Oral history meets design: Local artist creates wearable art

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For many people, clothing isn’t something that is given much thought. Like the food we eat and the water we drink, getting dressed is an average everyday occurrence. But what if clothing told a story? What if it shared details of a history steeped in legend? Just like food consumption, one can choose to eat or dine. Clothing offers a similar option—one can cover up or they can express and entertain.

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For many people, clothing isn’t something that is given much thought. Like the food we eat and the water we drink, getting dressed is an average everyday occurrence. But what if clothing told a story? What if it shared details of a history steeped in legend? Just like food consumption, one can choose to eat or dine. Clothing offers a similar option—one can cover up or they can express and entertain.

Local artist Kira Kamamalu believes clothing can be a powerful storyteller, and through her new line of classic Hawaiian dresses and shirts, she hopes those who don her wearable art will share the stories and legends of ancient Hawaii with others.

“The whole idea is that you’re wearing this dress and someone says, ‘Oh, I love your dress,’” said Kamamalu. “You can say, ‘well, this is the story of Maui holding up the islands with the magic hook his mom gave him.’ The designs tell a story and perpetuates the oral history in a way that’s naturally fluid.”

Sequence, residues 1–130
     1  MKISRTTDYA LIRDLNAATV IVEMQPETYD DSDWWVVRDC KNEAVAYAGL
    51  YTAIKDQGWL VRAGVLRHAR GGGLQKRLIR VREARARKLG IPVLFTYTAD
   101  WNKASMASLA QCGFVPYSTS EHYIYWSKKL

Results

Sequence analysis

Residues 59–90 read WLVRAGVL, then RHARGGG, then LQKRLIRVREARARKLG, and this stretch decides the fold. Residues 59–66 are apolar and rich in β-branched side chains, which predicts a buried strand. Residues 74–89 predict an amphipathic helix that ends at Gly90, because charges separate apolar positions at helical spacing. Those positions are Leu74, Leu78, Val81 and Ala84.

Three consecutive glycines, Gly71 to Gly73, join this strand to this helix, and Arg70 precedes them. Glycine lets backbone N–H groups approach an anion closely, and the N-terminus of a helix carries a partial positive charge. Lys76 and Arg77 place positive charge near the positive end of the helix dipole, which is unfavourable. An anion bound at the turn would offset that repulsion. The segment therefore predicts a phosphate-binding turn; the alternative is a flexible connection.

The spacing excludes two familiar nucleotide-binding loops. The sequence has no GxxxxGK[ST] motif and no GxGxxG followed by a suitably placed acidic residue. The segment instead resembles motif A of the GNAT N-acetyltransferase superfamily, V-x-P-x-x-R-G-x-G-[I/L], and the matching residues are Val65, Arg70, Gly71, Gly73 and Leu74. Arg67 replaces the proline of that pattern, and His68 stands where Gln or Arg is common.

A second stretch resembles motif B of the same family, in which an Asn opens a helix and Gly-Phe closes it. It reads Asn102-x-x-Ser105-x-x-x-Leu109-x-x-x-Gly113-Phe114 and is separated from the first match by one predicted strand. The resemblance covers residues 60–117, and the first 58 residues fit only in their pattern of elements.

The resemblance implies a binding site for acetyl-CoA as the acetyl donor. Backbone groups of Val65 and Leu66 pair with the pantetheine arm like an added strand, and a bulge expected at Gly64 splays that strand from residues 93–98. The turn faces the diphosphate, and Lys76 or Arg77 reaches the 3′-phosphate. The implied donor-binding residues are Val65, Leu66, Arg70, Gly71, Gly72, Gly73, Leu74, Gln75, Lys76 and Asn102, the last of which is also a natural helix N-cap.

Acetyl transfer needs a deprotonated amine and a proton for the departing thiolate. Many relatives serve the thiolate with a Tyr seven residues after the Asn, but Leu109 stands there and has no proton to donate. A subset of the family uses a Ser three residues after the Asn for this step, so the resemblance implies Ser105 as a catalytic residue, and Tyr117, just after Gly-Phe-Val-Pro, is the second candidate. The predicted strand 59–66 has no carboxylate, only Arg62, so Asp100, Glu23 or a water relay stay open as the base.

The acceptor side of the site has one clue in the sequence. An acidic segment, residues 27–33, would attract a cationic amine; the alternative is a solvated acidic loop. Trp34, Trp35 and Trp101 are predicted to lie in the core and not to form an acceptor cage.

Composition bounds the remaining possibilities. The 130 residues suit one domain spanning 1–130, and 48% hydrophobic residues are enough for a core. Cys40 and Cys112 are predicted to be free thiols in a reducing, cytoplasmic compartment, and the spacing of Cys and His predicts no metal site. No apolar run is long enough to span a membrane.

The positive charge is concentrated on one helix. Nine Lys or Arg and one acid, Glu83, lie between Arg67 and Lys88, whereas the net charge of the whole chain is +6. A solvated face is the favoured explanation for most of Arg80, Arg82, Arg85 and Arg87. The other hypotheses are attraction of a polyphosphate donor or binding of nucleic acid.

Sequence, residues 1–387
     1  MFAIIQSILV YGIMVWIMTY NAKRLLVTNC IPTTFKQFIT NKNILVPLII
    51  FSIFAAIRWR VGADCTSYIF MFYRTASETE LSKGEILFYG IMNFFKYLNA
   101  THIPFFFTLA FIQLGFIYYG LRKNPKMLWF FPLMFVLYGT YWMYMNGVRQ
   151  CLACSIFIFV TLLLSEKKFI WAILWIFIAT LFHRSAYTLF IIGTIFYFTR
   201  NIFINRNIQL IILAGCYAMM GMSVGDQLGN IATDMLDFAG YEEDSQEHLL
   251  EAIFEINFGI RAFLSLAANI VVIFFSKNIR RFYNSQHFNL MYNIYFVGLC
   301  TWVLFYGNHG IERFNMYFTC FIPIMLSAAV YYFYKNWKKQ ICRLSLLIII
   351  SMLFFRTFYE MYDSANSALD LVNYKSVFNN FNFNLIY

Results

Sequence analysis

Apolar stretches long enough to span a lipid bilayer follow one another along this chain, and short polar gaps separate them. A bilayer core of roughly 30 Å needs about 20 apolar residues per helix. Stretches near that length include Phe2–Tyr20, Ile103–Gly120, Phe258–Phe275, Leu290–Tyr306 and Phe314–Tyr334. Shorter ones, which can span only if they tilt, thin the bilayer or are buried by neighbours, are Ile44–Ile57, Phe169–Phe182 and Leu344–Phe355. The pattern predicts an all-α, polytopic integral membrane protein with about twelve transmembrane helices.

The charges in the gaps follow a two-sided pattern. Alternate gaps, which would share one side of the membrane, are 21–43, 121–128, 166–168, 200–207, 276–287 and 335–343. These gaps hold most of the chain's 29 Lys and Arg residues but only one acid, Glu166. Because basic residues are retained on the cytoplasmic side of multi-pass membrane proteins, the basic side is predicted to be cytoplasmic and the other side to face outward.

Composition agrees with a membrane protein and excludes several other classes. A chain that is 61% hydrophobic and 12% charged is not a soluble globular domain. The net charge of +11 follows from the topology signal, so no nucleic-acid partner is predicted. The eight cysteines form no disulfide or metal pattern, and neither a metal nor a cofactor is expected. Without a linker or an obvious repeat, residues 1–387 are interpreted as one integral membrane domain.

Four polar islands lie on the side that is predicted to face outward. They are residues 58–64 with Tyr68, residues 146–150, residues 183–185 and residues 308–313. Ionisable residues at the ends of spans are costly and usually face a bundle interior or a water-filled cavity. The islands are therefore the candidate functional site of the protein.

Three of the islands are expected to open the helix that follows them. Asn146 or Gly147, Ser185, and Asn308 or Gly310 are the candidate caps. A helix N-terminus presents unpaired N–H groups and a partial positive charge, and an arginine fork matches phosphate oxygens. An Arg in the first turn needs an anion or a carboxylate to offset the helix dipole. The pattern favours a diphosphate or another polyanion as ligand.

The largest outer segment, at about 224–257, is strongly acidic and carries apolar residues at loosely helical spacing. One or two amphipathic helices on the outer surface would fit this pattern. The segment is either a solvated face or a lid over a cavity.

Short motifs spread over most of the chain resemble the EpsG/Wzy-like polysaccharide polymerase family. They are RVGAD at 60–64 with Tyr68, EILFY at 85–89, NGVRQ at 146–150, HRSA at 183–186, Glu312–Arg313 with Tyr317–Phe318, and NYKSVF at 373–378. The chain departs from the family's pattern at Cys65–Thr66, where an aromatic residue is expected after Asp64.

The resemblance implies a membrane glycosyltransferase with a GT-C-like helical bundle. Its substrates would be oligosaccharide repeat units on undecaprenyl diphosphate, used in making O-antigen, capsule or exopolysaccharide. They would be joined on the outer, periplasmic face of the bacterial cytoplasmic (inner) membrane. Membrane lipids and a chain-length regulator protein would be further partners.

Kamamalu’s new line consists of designs that share the stories of three different Hawaiian legends — the legend of Maui the demigod, the legend of Pele and the legend of Haloa. Each story is pictorially designed into each article of clothing. She chose the legends from the elements of earth, water and fire, with the intention of adding additional elements into future designs.

“The first legend is about Pele,” said Kamamalu. “It’s the story of her leaving Tahiti with her brother. the shark god. who led her away from Tahiti. She travels with Hiiaka I Ka poli o Pele, her younger sister, in the form of an egg to search out a new home. She digs her oo stick into each of the islands to figure out where she really wants to live and she makes her home in Kilauea. Also represented on the dress is her flower, the lehua. The legend says if you go to the volcano and pick the lehua blossom, it will rain Pele’s tears.”

Another fabric design tells the story of Maui, the demigod and depicts him catching the islands with a magic hook given to him by his mother.

“In the design, Maui has his brothers rowing with him,” said Kamamalu. “The legend says that Maui tells them not to look, but one brother looks back anyway and the hook snaps and that’s why we now have these islands.”

The third legend describes the story of Haloa, the first Hawaiian and the name of the kalo plant.

“The symbol for this design is the kalo and the poi pounder,” said Kamamalu. “In this legend, Hoohokulani, the daughter of father sky, and mother earth, gave birth to a still born baby. She buried the baby in the earth and it grew into a little kalo plant from her tears watering the grave. She named him Haloa, meaning long breath or eternal life. She had another child, who was the first Hawaiian, and she also named him Haloa. This represents the symbiotic relationship between Hawaiian brotherhood and the Earth.”

Kamamalu’s designs are classic and retro. Inspired by her mother’s (Marlina Lee) collection of antique Hawaiian dresses and her grandmother’s storytelling, she has woven the legends of Hawaii in to wearable art.

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“My grandmother (Irene “Grama” Lee) used to ask me, ‘What is your story.’ She was the greatest storyteller ever. With this line of clothing, I realized I can really help perpetuate our history and our culture through this art of story telling.”

Kamamalu’s designs are available at her gallery in Holualoa and at Kona Rock and Minerals on Alii Drive in Kona. For more information, contact Kira at kamamalu@me.com. ■

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